Crystal Math

[Estimated reading time: 28 minutes]

[Editor's note: this story has been in the works for way too long, since at least 2014, and I've finally decided to publish it, mostly as-is. The tenses change a few times and there are some other issues with it, but I also need to be free of it. So here it is.]

10 years ago, your average Joe Six Pack didn't have a damn clue what L4 meant. This is still true for poor Joe, though now his kids probably do. Do you? No, it doesn't have a thing to do with the lumbar vertebrae, or the Bren Gun, or whatever else . It's a damn point in space.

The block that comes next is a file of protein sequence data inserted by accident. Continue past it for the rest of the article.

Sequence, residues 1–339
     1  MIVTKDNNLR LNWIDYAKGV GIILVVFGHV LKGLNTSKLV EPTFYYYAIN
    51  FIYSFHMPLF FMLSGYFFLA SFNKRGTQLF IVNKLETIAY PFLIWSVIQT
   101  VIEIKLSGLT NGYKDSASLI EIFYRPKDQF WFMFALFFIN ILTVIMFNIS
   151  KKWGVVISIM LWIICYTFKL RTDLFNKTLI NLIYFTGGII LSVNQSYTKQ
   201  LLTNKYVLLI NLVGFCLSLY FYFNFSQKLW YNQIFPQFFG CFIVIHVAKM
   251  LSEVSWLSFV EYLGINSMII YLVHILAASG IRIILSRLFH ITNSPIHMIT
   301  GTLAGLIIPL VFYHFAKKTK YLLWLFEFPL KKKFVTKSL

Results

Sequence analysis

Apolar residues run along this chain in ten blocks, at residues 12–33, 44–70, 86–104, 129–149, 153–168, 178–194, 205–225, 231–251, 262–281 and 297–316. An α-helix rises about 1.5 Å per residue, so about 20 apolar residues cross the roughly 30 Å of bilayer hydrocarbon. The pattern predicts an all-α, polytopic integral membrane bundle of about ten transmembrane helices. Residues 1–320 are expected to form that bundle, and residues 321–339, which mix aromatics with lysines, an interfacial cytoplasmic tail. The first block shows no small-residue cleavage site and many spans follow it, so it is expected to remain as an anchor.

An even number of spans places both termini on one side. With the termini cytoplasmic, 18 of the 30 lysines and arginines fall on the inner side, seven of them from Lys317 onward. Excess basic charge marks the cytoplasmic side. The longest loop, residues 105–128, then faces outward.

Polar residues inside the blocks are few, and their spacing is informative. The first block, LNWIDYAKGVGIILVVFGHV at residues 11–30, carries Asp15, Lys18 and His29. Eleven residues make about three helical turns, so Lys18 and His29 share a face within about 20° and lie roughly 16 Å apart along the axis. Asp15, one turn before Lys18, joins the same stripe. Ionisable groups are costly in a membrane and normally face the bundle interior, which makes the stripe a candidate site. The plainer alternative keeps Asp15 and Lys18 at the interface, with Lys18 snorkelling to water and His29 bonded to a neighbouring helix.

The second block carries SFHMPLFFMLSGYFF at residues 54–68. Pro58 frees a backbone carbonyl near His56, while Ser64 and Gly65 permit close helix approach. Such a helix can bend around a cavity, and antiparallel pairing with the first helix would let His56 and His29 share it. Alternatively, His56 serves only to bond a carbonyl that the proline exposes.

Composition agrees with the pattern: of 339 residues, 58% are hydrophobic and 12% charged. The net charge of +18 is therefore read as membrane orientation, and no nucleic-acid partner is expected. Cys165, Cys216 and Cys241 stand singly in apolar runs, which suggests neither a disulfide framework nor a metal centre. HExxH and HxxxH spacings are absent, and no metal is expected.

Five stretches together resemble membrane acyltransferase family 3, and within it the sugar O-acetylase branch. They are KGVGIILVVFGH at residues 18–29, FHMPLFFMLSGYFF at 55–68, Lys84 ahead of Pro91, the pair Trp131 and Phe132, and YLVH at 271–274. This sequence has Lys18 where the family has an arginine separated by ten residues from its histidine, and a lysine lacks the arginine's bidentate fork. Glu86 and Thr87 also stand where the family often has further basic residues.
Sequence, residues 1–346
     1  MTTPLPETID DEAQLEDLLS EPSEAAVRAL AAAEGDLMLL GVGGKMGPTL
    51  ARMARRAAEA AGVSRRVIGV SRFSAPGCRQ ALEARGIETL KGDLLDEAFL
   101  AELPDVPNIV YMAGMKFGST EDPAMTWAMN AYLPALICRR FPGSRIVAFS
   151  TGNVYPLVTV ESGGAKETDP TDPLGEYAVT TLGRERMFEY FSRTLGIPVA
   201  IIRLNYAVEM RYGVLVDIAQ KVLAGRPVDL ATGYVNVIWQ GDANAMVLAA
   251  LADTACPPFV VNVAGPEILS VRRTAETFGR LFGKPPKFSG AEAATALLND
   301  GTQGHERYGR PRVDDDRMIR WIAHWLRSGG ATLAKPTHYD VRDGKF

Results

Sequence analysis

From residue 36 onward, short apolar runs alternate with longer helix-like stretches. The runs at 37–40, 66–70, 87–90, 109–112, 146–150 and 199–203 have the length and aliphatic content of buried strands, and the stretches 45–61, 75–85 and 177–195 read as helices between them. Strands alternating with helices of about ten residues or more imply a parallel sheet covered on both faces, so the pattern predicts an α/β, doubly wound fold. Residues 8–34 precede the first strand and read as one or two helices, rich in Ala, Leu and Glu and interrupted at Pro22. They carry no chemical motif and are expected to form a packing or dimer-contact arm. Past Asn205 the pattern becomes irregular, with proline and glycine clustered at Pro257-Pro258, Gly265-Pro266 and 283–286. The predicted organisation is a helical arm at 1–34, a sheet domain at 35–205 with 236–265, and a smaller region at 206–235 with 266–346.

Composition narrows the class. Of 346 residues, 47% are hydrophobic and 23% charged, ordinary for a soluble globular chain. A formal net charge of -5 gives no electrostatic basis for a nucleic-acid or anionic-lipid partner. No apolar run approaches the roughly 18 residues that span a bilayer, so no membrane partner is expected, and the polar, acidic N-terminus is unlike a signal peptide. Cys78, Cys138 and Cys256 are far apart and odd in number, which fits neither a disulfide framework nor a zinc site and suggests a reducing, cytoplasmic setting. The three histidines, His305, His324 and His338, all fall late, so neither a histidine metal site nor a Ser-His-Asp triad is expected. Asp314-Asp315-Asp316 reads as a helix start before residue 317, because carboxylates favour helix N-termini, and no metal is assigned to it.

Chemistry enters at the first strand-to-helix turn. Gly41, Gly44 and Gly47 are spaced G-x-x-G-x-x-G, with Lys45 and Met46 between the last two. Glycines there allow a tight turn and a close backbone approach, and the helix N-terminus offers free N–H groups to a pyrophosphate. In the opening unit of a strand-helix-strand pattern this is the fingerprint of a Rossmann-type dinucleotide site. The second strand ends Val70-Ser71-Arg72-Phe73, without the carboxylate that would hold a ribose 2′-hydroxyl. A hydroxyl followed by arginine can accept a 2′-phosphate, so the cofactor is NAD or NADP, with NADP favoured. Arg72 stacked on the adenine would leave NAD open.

Ask a kid in elementary school about the L4 and he'll wax poetic on the subject, much like the previous generation could be relied on to blabber about dinosaurs or sharks or Pokemon. Nowadays, every damn kid knows that L4 stands for "4th Lagrange point". Which, in turn, means that if you've got two large bodies, like the earth and the moon, there are 5 "stationary" points. 5 points where you can put something, like a rock or a book, and it won't move. L1, 2, 3… those are about as stable as the tip of a needle. Yeah, put something there, it won't move. Look at it the wrong way and off it goes, sailing into the night sky.

4 and 5, that's where the money's at. So to speak. You put something there, it sticks around. Maybe not in the same place - it wobbles a bit, in an orbit, you see - but it's not flying nowhere.

"Come on dad, let's get some ice cream! We can talk space later!"